How To Retrain Your Brain: Write Like a Professional
December 29, 2020
Retrain your brain to write like a professional.
Do you long to write succinct emails that paint your colleagues and customers a clear picture? And do you wish you could find the right words and fit them together to create a sentence as smooth as silk? Perhaps you want to write a winning business proposal to get that well-deserved promotion?
Here are my top tips that you can start using today to help you write like a professional:
I have compiled these tips from my own (often painful) learning curves, and from Cambridge University Professor, Clare Lynch’s “Writing with Confidence” – which I will link at the end of this post!
Don’t waste any time in grabbing your readers’ attention
I didn’t realise quite how writer-centric my work was until enrolling in Professor Lynch’s course. Look at me now: still starting sentences with ‘I’. It’s something we’re all guilty of! Making your opening as reader-centric as possible guarantees you capture their focus!
One easy way to do this: use the word ‘you’!
According to research, you have just over 8 seconds to interest a reader. And if you don’t? Instead of reading every word of your hard work, their gaze tends to follow an ‘F’ pattern across the page.
8 seconds isn’t a lot, with the average reader getting through just 19 words in that time. Look back at something you’ve written that didn’t have an obligated reader (as an essay or business report would). Then, ask yourself: are the first 19 words impressive enough?!
The F pattern is the typical route of a scan reader. It begins with good intentions and slowly withers as it attempts to find something worth absorbing. Making their first 8 seconds AMAZING will minimise the number of people who will read your writing in this detached way. Professor Lynch says there are other things you can do to help your cause:
Add more white space – dense text just looks intimidating to most of us, so why not break it up a little?
Guide your reader’s focus with headings and subheadings;
Use the word ‘you’ twice as many times as you use the word ‘I’: human nature is self-serving and, boy, do we read like it! If it doesn’t directly affect us, we probably don’t care.
Reinforce your priority with meaningful subject lines when writing emails – make them want to open it!
Use graphics, visuals, and structuring variations – like bullet points!
Your reader’s most valued asset is their attention. Once you have their attention, don’t waste it, and don’t let them down: write like a professional!
Structuring your writing with care
Throughout primary and secondary school, my teachers taught me to write in chronological order: beginning, middle, and end. “Set the scene”, they said; “the reader needs context!”
This order isn’t so logical when your reader is in a hurry and their focus is in demand. They need you to get to the point.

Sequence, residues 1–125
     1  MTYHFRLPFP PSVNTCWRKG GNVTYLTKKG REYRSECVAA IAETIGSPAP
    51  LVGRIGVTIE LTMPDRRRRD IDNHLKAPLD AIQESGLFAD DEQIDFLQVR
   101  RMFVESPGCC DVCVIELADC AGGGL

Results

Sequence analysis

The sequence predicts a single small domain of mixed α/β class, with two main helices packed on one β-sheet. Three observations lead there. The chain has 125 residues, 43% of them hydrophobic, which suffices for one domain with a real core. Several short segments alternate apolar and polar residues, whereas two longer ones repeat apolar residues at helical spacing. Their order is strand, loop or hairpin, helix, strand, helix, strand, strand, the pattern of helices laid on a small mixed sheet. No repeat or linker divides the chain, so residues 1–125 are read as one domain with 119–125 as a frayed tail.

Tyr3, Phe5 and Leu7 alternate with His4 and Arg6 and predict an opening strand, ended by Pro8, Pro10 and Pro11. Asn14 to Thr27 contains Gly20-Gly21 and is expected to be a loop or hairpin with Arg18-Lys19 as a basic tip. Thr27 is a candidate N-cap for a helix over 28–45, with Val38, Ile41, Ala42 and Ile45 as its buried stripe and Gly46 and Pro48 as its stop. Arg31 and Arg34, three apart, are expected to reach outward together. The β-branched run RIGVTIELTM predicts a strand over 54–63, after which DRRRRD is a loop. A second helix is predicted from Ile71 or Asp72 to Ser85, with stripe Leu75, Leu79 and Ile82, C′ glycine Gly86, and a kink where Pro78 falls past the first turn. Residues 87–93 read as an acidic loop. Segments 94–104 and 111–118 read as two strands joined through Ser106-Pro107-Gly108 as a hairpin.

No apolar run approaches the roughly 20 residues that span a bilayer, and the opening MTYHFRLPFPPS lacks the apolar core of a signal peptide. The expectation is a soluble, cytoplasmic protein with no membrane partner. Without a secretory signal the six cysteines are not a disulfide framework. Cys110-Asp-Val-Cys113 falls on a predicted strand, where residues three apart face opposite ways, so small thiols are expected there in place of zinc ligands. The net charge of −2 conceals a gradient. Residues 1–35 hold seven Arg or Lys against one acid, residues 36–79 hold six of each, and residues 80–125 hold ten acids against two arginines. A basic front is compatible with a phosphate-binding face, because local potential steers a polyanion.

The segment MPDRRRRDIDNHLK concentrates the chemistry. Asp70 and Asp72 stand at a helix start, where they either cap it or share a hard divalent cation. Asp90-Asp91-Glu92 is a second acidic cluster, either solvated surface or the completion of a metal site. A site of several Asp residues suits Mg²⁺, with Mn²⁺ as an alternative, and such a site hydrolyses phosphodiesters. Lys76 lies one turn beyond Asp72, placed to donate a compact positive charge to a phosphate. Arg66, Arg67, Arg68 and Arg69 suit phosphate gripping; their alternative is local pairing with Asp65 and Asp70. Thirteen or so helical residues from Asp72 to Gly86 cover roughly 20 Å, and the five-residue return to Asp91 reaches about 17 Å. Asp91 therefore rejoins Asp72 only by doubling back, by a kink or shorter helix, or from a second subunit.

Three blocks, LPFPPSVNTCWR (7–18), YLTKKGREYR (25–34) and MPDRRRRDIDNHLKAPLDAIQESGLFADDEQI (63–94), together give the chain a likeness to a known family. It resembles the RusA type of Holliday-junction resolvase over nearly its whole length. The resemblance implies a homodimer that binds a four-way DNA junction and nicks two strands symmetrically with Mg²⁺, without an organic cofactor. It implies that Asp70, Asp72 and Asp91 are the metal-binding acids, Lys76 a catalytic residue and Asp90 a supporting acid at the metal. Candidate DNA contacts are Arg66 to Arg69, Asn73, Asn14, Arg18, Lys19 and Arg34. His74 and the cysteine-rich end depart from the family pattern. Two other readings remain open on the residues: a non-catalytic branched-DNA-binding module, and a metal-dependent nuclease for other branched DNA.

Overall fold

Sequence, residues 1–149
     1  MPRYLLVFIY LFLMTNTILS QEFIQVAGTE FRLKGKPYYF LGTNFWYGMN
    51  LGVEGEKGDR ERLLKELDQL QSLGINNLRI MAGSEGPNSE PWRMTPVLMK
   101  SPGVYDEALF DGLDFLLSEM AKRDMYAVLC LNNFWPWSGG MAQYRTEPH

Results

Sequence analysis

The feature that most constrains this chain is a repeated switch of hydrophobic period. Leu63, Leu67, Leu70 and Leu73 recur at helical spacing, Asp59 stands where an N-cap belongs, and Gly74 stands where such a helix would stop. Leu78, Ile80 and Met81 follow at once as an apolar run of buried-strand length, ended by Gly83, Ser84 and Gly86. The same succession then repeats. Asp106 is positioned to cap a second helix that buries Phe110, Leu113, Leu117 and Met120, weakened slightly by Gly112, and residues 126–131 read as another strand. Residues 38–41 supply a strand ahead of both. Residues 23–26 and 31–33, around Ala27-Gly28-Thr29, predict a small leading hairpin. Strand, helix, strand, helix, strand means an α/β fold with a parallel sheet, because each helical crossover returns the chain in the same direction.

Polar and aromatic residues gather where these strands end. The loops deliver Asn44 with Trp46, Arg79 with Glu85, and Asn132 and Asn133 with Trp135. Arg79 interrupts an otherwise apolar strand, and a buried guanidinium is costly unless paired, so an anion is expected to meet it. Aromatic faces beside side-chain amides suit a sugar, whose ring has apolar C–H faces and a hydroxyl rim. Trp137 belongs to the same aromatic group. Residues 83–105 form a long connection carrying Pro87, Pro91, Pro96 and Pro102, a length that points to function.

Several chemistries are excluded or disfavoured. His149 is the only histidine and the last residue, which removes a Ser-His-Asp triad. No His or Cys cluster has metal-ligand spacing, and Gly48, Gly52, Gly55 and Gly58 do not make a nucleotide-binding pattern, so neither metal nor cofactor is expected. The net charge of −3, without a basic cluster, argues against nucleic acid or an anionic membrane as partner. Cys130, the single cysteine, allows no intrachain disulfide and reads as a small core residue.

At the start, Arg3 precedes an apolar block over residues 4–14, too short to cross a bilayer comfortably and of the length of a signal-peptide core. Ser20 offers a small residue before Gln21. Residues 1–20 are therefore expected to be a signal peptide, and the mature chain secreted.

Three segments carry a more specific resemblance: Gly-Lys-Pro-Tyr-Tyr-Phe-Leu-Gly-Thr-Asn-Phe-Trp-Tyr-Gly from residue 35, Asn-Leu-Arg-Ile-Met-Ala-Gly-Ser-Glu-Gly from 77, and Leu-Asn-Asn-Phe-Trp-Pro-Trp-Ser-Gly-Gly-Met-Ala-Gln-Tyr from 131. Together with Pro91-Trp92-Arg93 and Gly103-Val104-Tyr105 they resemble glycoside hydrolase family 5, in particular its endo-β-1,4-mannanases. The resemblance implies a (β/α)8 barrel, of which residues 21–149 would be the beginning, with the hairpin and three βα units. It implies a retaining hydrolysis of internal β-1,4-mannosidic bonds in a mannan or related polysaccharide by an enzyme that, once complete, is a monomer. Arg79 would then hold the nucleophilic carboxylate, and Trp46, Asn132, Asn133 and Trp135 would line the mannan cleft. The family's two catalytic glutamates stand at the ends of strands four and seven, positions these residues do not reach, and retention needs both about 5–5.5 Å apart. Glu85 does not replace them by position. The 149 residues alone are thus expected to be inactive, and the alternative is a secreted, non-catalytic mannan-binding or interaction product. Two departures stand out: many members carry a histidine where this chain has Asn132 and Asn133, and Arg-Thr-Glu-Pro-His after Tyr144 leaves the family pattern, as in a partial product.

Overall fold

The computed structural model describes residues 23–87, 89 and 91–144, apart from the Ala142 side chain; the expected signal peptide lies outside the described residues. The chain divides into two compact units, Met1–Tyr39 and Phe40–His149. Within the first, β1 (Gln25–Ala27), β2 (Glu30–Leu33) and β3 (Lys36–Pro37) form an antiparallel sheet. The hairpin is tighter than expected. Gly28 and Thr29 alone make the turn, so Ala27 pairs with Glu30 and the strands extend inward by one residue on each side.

Chronological is so last decade: prioritise your points in order of what’s going to interest them the most!
Whilst we’re on the subject of structure, look more closely at the organs inside the whole text: your sentences! Like the brain, the kidneys, and the liver, they cannot survive on their own. However, the whole organism isn’t able to survive without them either.
To maintain homeostasis within the text, make sure each sentence introduces a new point and is vital to the message. If a point can be taken out then it probably should be – because whilst you’re busy being hilarious, they’re just looking for the point.
Having said this, the number one factor that influences the readability of a text is sentence length. You can see from the well-known extract below that it really does matter:
Explain their next steps to them
Have you ever read an article or seen an advert that was really clear in the fact that they wanted you as a customer, but didn’t actually tell you how to become one?
To avoid this, give your reader something actionable to do, after reading your text. Map out the steps for them to take you up on your offer and make it as simple as possible. Your customer may have decided to buy but their attention is still in demand: how many shopping carts have you filled across the web and never returned to?
In business, this is often called the ‘call to action’ and shouldn’t be buried six paragraphs deep with the hope that they will get there. As this is normally the purpose of your text, you’ll want to stamp it ‘IMPORTANT’ and get your call to action in there near the beginning!
Don’t be afraid to use resources to improve a draft
There are free and useful tools out there that can improve the most basic of writings:
So, that’s it! Grab your reader’s attention and hold onto it with a reader-centric perspective; structure with consideration; be clear in how you want the reader to proceed, and use the tools around you! Follow these tips and you’ll be set to write like a professional in no time!
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